The legendary Crocker Motorcycle Company was founded by Albert G. Crocker (1882—1961) in 1936. The history of Al Crocker's high-performance motorcycles is extremely short, and his now-legendary company only produced around 100 bikes in its brief six year period making them extremely rare.
After graduating from Northwestern University's Armour Institute with an engineering degree, Al Crocker went to work for the Aurora Automatic Machine Company's motorcycle division, the Thor Moto Cycle and Bicycle Company in Aurora, Illinois.
1929 Crocker Indian with original Al Crocker conversion kit
Al formed a friendship with George M. Hendee and Carl Oscar Hedstršm, founders of the Indian Motocycle Manufacturing Company, and by the late 1910s, he was working as a designer and engineer at Indian.
Crocker moved to Los Angeles, California in the early 1930s, and while still working for Indian running their dealership in L.A., he began to design his own single-cylinder dirt-track and short-track speedway race bikes. In total, Al Crocker built only thirty-one speedway bikes, and of those, only twelve remain.
More Photos: 1934 Crocker Speedway
Around 1935 Crocker and fellow speedway racer Paul Adelburt Bigsby (aka P.A.), went to work on designing a high-performance touring motorcycle, and the Crocker V-Twin was born. The two Crocker street models were the "Big Tank" and "Small Tank" which were built at their factory at 1346 Venice Blvd. in West Los Angeles. Only thirty-eight Big Tank Crockers were ever built, and even fewer of the Small Tanks.
More Photos: 1934 Crocker Big Tank
Crocker motorcycles shared a striking resemblance to the OHV Harley-Davidson 'Knucklehead' or the Indian Cheif of the mid 1930s, but the performance of the Crocker was where any resemblance faded.
Legendary Crocker Performance
Big-twin street Crockers were fitted with engines ranging in displacement from 1000cc to 1500cc. The 61ci (1000cc) 45 degree hemi OHV V-twin had a short stroke compared to the Harley or Indian, with a nearly "square" bore ratio of 3.25" (bore) to 3.625" (stroke).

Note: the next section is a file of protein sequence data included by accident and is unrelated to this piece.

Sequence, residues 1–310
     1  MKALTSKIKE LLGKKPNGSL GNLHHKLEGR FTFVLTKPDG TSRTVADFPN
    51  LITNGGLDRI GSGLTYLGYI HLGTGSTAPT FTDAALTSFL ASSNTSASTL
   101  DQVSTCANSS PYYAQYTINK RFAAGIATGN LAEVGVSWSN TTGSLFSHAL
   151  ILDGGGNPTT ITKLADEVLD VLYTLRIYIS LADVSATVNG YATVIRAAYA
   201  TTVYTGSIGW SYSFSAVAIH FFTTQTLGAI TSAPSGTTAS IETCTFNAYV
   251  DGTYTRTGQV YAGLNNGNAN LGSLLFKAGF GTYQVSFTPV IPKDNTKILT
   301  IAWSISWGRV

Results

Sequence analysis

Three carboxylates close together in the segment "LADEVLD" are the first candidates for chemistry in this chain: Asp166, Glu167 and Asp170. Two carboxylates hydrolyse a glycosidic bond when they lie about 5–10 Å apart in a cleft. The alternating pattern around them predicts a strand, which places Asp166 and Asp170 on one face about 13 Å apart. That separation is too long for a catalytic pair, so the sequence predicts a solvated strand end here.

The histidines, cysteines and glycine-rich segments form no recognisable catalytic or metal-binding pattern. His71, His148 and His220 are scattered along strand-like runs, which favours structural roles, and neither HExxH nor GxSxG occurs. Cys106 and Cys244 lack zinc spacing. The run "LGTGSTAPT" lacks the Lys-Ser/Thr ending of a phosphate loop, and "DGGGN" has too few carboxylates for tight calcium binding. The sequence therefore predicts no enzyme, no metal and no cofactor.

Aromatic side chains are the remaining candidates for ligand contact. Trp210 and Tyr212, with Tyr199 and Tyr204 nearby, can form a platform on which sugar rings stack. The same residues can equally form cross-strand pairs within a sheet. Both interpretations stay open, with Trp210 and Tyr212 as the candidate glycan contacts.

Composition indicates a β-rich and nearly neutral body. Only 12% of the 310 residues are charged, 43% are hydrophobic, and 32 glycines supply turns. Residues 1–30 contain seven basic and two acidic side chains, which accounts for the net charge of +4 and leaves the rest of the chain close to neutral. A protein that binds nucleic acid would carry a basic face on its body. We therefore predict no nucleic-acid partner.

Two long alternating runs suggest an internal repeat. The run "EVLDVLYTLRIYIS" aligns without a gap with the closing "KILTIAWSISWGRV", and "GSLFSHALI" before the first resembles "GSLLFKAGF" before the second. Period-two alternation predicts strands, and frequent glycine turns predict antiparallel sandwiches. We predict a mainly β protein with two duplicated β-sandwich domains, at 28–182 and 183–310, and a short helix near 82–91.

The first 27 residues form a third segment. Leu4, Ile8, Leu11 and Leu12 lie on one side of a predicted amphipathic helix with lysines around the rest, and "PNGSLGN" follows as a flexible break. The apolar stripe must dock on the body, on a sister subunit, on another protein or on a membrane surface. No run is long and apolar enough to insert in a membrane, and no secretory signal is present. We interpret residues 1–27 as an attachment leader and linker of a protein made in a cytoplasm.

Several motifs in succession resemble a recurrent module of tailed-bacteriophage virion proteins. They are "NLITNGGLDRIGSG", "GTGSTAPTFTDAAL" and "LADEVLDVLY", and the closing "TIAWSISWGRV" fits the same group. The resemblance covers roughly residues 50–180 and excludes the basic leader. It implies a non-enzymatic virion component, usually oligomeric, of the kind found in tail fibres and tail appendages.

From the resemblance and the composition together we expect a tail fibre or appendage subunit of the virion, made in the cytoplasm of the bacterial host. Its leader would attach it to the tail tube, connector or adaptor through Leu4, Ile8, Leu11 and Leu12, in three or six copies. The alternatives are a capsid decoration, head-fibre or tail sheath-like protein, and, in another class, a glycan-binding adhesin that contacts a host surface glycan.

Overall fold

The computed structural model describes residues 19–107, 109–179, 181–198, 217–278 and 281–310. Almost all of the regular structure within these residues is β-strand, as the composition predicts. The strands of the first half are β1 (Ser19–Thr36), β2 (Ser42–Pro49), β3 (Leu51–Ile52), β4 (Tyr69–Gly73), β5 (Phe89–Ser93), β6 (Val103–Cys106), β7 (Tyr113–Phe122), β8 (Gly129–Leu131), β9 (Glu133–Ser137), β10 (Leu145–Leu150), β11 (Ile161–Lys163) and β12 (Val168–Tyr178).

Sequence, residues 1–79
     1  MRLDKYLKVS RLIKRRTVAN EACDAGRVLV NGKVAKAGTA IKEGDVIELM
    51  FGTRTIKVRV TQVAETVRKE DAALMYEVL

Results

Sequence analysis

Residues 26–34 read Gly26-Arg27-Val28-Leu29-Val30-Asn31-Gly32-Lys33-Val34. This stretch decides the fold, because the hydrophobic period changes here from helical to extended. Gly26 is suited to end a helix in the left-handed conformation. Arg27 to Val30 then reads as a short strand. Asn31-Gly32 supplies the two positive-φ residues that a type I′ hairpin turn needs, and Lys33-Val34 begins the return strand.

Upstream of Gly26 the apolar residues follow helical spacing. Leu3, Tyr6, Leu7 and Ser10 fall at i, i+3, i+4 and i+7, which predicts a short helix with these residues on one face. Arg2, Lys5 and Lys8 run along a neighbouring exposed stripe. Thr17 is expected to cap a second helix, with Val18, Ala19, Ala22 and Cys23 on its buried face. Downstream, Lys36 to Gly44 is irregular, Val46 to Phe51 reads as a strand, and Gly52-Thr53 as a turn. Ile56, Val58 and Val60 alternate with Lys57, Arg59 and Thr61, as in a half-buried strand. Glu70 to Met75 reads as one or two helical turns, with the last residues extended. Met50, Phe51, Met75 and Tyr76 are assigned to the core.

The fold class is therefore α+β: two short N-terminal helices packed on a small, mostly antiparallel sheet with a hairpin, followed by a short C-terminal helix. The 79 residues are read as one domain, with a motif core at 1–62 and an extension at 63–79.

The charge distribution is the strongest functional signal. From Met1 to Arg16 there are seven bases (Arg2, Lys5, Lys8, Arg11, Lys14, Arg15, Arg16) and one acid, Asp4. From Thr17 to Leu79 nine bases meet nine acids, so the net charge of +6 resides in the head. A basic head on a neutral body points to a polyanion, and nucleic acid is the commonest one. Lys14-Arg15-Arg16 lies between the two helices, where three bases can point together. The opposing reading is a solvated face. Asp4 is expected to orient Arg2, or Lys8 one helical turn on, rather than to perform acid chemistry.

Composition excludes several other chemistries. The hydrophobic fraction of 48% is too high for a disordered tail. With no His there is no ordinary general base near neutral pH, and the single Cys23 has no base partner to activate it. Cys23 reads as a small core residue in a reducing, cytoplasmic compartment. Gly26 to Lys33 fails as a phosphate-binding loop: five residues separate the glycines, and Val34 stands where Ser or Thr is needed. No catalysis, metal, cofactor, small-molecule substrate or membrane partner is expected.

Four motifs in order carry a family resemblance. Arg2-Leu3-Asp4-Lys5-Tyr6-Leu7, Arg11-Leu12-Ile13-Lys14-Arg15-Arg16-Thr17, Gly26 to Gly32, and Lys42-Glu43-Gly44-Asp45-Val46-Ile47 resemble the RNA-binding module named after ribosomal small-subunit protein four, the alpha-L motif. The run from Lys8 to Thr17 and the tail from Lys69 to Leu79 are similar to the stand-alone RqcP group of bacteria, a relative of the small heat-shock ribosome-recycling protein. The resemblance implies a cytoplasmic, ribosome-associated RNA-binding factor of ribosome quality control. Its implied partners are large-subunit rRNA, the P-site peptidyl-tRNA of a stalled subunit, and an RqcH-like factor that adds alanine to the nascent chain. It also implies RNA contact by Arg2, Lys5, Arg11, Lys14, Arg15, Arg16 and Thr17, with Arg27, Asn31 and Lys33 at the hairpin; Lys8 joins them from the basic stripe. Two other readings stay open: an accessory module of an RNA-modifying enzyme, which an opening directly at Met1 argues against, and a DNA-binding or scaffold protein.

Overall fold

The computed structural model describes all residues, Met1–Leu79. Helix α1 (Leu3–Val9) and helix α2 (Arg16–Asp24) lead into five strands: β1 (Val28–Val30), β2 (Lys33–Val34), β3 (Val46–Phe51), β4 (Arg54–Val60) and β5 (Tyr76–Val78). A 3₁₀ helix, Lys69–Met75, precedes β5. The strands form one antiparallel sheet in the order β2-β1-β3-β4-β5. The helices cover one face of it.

1939 Crocker Big Tank 1200 owned by 'Crocker Jack' Lilly of the Boozefighters MC Club
A 'stock' 61ci Crocker pumped out 60 bhp, producing a top speed of around 110 mph. This type of performance was so far ahead of the competition that Al Crocker guaranteed a 'full refund' to any owner who lost a race to an Indian or Harley-Davidson.
1200cc 45 Degree OHV Hemi V-twin Motor
The Crockers were also built, or overbuilt to be nearly indestructible, with every moving part being made over-spec. The "Big Tank" models had a three gallon cast aluminum fuel tank, while the "Small Tank" held under two gallons.
More Photos: 1936 Crocker Small Tank
American's major V-twin manufacturers were caught by surprise at the Crocker's performance, and its timing to market several months before their (Harley's) launch of the OHV 'Knucklehead.' Sensing a threat, the 'big two' allegedly influenced the Edward G. Budd Wheel Company of Auburn Hills, Michigan, and the Kelsey-Hayes Wheel Company of Jackson, Michigan (suppliers of wheels for the Ford Motor Company), not to sell their wire-wheels to Crocker. In response, Crocker sold his motorcycles without wheels.
Like the Brough Superior, each Crocker was hand made to order, and no two were alike.
1933 Indian Crocker Speedway 45ci OHV V-Twin Reproduction
Al Crocker also created a small Vespa type scooter called the Crocker "Scootabout" in the late 1930s. The Scootabout had sweeping body work (ˆ la mid 1940s Indian four and Chief) and an Art Deco paint scheme.
More Photos: 1935 Crocker Speedway
The economy was still reeling from the Depression, and the Crocker V-twins were expensive motorcycles for the time, due to the inefficiencies of such limited production. As a result, Crocker and Bigsby threw in the towel in 1942.
After the demise of the Crocker Motorcycle Company, Al Crocker, along with son Albert, went on to manufacture war-related machinery and aviation parts for the Douglas Aircraft Company in Santa Monica, California. The remaining inventory of the Crocker Motorcycle Company was sold to ex-employee Elmo Looper, who was a member of the 13 Rebels Motorcycle Club (13 RMC) of Southern California. Al Crocker died at his home in South Pasadena at the age of 73.
More Photos: 1940 Crocker Big Tank owned by Elmo Looper
Paul Bigsby went on to invent guitars, creating the "tremolo arm" (aka "Bigsby vibrato arm") and the pedal steel guitar, founding Bigsby Guitars, selling his designs to Gibson, and other guitar companies.
Vintage Crocker Today
At the point less than 100 Crockers had been produced, making them extremely rare, collectable, and valuable today. A Crocker in restored 'Concours' condition could be worth more than $100,000 in today's market.
The Crocker's Resurrection
The Crocker name was resurrected by collectors Markus Karalash and Michael Schacht in 1997, to supply replacement parts for the original Crockers. By using the original blueprints created by Al Crocker and Paul Bigsby, as well as reverse-engineering the original Crocker using CMM (Coordinate Measuring Machine) technology and CAD, Karalash and Schacht hope to manufacture new carbon-copies of the original Crocker motorcycle by this year (2007). The new Crocker Motorcycle Company is located on 1719 Flint Road in Toronto, Ontario Canada.
Crocker Motorcycle Links
Crocker Motorcycle Company
The Legend That Could Have Been
Thor Moto Cycle and Bicycle Company
Jack 'Crocker Jack' Lilly
Elmo Looper and Crocker
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